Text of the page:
With her tenth studio album, Aretha Franklin finally broke through with the timeless I Never Loved A Man The Way I Love You.
I Never Loved A Man The Way I Love You was Aretha Franklin’s debut with Atlantic Records. But this was already 10 albums into her career. Up until this point, Franklin only approached a middling level of success, releasing nine albums of jazz standards and teen-friendly RnB on Columbia Records.
The switch to Atlantic (she was brought to the label by legendary producer Jerry Wexler) was a moment that changed the course of pop music history. Where her previous records were calculated efforts to appeal to all demographics, I Never Loved A Man The Way I Love You marked a return to Franklin’s gospel roots. It blazed a trail of hot-blooded soul that would take her to the top of the charts, produced moments that still resonate in the public consciousness, and set her on a path toward immortality.
The “Queen of Soul” had arrived.
Heading down South
Aretha Franklin was born in Memphis, Tennessee, but she spent the majority of her early career under the auspices of Columbia Records and plied her trade in New York City. But in moving over to Atlantic Records, she was freed up to approach songwriting and the interpretation of others’ songs in a way that was more authentic to her style. Part one was relocating to her geographical roots.
If you were going to make a record in the South in the late ’60s, FAME Studios in Muscle Shoals Alabama was the place to do it. Producer-in-residence Rick Hall was coming off his first hit (When A Man Loves A Woman by Percy Sledge) and the playing talent was second-to-none.
The young Aretha Franklin — just 24 at the time — didn’t bring an outsized reputation with her to the session. But when she recorded the lead single and the album’s title track, people took notice. Underpinned a swaggering groove and swirls of the Hammond organ, Franklin’s vocal sizzles on tape, lending the track genuine emotional urgency.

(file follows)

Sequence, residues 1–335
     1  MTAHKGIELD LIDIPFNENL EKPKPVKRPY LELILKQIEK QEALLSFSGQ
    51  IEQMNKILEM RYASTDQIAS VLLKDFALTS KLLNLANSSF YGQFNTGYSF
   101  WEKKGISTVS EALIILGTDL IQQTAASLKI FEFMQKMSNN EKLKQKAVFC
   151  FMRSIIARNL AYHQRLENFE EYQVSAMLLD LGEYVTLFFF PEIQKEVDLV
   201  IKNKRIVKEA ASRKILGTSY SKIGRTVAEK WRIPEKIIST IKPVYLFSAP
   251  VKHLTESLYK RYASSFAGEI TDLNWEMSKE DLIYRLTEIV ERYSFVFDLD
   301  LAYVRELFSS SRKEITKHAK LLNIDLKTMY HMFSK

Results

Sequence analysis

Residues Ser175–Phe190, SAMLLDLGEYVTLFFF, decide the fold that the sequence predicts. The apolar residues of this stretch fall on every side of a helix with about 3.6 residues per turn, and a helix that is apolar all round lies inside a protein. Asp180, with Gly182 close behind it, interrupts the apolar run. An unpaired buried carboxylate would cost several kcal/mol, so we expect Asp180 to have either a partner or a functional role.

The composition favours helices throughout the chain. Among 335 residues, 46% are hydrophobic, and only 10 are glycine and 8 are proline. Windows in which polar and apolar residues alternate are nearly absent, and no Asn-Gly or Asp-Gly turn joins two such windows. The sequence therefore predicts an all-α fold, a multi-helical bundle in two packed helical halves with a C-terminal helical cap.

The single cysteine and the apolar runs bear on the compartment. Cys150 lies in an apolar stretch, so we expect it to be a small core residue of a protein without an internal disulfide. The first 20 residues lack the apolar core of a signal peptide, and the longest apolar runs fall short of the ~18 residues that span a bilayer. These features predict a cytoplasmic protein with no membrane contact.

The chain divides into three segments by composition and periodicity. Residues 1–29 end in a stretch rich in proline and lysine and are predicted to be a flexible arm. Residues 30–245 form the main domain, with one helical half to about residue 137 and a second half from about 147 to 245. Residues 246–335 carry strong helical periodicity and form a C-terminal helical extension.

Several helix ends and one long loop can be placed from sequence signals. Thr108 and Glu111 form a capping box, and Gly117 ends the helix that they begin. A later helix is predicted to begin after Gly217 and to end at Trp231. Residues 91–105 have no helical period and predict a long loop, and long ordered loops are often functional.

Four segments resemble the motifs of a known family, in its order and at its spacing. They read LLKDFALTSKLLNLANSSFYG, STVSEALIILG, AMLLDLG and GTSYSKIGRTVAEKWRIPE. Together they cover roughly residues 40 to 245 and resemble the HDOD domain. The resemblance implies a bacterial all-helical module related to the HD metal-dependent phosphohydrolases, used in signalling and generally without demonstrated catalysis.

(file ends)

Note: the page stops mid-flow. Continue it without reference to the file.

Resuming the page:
A moment in time
The sound of I Never Loved A Man The Way I Love You was a million miles from her previous pop efforts. Much of the album is down-tempo, relying on simple, single-chord vamps — a harmonic bed for virtuosic vocal stylings that are taken straight out of the gospel playbook. And while many of the themes explored on the record revolve around love, Franklin elevates them to a new plane through her artistry.
The love she sings of is pure in its feeling, but exquisite in its pain. In Baby, Baby, Baby she says, “I didn’t mean to hurt you, don’t you know that I’d rather hurt myself,” and you can’t help but believe her as she extracts this moment of melodic transcendence out of total despair.
In Do Right Woman, Do Right Man, she asks us to remember that, “A woman’s only human, you should understand, she’s not just a plaything, she’s flesh and blood just like her man,” with such emotional power that it was destined to become one of the most memorable cuts off the record.
But there’s one single from I Never Loved A Man The Way I Love You that cemented Aretha Franklin’s mythical status.
Respect was originally recorded by Otis Redding just two years before it fatefully intersected with Aretha Franklin. In her hands, it became one of those rare songs that add up to more than the sum of its parts. Sure, it grooves. But the legacy of this track — what it means to individuals, as well as entire social movements (especially feminism) — is almost unequalled in the history of pop.
With the breakthrough of I Never Loved A Man The Way I Love You and the monster hit of Respect (which earned her two Grammys) under her belt, she never looked back. Beyond this seminal LP lay decades of success for Aretha Franklin, not to mention several reinventions along the way. But it was this album that proved to everyone, herself included, that the real Aretha Franklin was what the world wanted.